Ali Lochhead : text

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Parting Shots
My cameraman was a bit nervous on the way to interview the british film director Michael Winner and when we walked into the bedroom in the London Ritz Hotel, where they were filming his latest movie and his concerns seemed to be justified.

"Who are you?" The movie man stormed.

I didn't know what to say or where to look. My eyes were tempted to wander to the actress Felicity Kendal who filming a scene in a bubble bath but the film director seemed to be demanding some attention.

"Don't you know who she is?" Chris Rea saved the day. "That's Ali Jack from Sky News!"

From then on in all went well, my cameraman managed to shoot at an angle that pleased Mr Winner and I was naturally thrilled and delighted to discover I had such an awesome fan. The singer had met Michael Winner on a beach in Barbados and landed the lead role in Parting Shots, which was to be his acting debut.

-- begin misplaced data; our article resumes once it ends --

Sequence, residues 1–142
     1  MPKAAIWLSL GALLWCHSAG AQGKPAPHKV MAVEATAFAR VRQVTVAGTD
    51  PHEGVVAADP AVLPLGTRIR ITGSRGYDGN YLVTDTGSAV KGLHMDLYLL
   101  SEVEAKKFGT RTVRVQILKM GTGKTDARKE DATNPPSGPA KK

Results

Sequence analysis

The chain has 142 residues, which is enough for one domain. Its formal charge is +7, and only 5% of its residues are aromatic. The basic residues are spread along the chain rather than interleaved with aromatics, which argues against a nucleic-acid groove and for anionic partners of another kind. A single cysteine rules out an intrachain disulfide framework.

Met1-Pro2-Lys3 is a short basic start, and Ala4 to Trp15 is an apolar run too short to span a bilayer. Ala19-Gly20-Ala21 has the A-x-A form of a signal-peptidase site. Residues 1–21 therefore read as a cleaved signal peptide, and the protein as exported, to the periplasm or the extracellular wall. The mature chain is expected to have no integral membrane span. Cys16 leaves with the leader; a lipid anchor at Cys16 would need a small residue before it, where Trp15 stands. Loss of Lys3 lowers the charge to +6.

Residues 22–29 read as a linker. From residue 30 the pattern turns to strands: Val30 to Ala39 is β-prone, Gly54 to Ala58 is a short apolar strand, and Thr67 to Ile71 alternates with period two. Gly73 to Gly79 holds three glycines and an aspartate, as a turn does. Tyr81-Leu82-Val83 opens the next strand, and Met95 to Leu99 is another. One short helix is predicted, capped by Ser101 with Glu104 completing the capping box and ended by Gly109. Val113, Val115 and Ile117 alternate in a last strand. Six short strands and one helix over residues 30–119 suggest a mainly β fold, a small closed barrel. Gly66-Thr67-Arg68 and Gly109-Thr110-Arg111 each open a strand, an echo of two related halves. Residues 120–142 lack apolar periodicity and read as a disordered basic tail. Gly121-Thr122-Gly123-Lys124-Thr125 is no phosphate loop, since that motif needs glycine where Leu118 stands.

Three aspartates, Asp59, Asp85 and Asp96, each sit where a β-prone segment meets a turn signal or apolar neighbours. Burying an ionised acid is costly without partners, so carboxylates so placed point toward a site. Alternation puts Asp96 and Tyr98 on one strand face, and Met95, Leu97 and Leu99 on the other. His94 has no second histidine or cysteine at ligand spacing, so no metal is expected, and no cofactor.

I thought they were maybe mucking around a bit when I got a call from my agent the next day saying they'd asked me to play the part of a TV newsreader in the movie but as I'd always wanted to appear in a film it was another dream come true.

I managed to smuggle my little sister onto the set and it was brilliant fun. We had our own trailer and every time I stepped outside a lad appeared with an umbrella as it was raining! I was in make up with Felicity Kendal and she was just as lovely as she looks. She did explain that in theatre you have to make big actions, in television less so and in movies less than that but it didn't sink in.

When it came to my turn I just did my usual thing, in television I'd been taught to be be animated, and i set about my task with great gusto and great enthusiasm, wiggling my head around from side to side as I read the script to camera.

The next day I was swapping notes with my colleague Bob Friend as he'd just appeared in Mission Impossible at the request of Tom Cruise.

"It's so difficult, isn't it?" Bob mused.

"What?" I asked

"Well to say small," he replied. "I mean on television if you raise an eyebrow it just moves a few centimetres but in cinema it leaps up about a foot in the air!"

I stared at him horrified. Oh why hadn't I had this conversation before filming?

Luckily, in the final edit, someone had the bright idea to cover up most of my section with a montage of newspaper cuttings!